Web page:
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Antimicrob Agents Chemother. 2003 Sep;47(9):2756-64.

Effectiveness of combination antimicrobial therapy for Pseudomonas aeruginosa bacteremia.

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1
Institute of Social and Preventive Medicine, University of Geneva, Geneva, Switzerland.

Abstract

It remains controversial whether combination therapy, given empirically or as definitive treatment, for Pseudomonas aeruginosa bacteremia is associated with a better outcome than monotherapy. The aim of the present study was to compare the rates of survival among patients who received either combination therapy or monotherapy for P. aeruginosa bacteremia. We assembled a historical cohort of 115 episodes of P. aeruginosa bacteremia treated with empirical antipseudomonal therapy between 1988 and 1998. On the basis of susceptibility testing of the bacteremic P. aeruginosa isolate, we defined categories of empirical treatment, including adequate combination therapy, adequate monotherapy, and inadequate therapy, as well as corresponding categories of definitive therapy. Neither the adequacy of the empirical treatment nor the use of combination therapy predicted survival until receipt of the antibiogram. However, the risk of death from the date of receipt of the antibiogram to day 30 was higher for both adequate empirical monotherapy (adjusted hazard ratio [aHR], 3.7; 95% confidence interval [CI], 1.0 to 14.1) and inadequate empirical therapy (aHR, 5.0; 95% CI, 1.2 to 20.4) than for adequate empirical combination therapy. Compared to adequate definitive combination therapy, the risk of death at 30 days was also higher with inadequate definitive therapy (aHR, 2.6; 95% CI, 1.1 to 6.7) but not with adequate definitive monotherapy (aHR, 0.70; 95% CI, 0.30 to 1.7). In this retrospective analysis the use of adequate combination antimicrobial therapy as empirical treatment until receipt of the antibiogram was associated with a better rate of survival at 30 days than the use of monotherapy. However, adequate combination antimicrobial therapy given as definitive treatment for P. aeruginosa bacteremia did not improve the rate of survival compared to that from the provision of adequate definitive monotherapy.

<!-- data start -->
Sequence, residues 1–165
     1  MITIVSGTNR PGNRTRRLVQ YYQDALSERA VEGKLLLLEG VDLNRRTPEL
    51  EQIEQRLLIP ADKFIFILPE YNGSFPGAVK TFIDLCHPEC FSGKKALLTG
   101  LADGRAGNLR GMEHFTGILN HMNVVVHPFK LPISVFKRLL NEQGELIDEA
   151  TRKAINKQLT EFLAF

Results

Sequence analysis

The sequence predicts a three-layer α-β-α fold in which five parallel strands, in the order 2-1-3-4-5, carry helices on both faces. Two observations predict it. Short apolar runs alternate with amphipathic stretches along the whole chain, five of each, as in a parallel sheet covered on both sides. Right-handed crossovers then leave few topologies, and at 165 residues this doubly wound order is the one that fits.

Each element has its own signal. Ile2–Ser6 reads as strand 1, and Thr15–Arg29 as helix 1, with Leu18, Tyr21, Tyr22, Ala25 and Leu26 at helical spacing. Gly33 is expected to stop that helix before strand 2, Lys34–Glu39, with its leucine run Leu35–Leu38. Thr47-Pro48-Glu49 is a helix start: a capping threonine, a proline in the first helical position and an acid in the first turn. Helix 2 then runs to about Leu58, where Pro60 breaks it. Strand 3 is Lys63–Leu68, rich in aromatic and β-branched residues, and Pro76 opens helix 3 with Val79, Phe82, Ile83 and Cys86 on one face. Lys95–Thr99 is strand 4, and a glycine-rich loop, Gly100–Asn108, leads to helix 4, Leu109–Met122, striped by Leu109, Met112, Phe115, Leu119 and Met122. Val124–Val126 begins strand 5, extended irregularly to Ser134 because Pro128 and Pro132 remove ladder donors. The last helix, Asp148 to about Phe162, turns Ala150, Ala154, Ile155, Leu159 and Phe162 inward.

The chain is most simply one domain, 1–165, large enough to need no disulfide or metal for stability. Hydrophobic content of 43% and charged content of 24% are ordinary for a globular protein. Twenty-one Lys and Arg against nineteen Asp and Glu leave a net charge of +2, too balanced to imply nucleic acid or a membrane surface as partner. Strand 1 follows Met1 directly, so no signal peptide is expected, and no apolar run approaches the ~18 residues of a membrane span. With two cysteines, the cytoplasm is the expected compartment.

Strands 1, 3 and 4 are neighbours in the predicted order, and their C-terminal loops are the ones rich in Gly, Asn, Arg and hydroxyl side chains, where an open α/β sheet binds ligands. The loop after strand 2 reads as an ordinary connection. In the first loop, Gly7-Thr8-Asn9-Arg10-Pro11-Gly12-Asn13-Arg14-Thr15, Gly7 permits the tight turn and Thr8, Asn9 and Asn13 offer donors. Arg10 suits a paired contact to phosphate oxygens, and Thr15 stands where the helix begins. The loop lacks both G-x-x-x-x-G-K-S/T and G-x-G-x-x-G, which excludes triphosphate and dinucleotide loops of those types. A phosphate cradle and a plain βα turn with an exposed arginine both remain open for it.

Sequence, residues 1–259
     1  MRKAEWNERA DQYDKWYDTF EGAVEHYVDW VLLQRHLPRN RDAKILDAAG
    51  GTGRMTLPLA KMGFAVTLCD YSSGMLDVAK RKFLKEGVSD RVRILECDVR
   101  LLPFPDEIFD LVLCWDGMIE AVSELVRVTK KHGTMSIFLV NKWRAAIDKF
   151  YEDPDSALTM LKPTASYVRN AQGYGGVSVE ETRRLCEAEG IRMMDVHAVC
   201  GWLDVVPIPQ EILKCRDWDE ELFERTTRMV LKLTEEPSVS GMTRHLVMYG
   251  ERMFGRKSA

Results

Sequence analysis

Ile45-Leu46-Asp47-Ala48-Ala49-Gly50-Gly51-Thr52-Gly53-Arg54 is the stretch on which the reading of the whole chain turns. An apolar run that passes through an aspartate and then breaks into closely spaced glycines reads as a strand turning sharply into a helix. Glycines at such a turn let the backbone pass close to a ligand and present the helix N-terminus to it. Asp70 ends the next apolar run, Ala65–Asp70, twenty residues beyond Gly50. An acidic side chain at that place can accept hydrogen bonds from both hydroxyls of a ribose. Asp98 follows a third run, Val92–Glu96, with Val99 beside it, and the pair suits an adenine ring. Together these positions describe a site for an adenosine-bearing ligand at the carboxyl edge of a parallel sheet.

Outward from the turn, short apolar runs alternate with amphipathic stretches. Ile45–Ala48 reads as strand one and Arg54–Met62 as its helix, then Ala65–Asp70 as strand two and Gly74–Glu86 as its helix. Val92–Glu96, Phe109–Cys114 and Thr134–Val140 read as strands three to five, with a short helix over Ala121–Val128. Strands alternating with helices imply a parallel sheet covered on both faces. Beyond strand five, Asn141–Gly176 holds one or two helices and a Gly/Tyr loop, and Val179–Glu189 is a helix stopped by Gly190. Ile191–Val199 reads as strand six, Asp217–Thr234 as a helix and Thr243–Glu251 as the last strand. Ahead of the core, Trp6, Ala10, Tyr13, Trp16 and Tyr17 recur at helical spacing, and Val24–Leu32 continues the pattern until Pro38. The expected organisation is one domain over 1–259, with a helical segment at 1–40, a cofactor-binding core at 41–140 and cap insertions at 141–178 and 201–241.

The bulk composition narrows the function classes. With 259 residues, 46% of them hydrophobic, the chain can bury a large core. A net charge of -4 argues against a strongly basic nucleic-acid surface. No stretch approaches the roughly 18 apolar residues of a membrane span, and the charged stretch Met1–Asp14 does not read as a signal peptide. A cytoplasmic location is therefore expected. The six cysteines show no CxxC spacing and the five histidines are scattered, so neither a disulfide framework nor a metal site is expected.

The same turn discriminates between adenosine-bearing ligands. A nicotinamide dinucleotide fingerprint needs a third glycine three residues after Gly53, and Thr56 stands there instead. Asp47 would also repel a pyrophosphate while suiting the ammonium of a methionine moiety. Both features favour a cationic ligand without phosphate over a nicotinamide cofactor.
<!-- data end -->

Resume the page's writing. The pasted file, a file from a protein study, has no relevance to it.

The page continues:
PMID:
12936970
PMCID:
PMC182644
[Indexed for MEDLINE]
Free PMC Article
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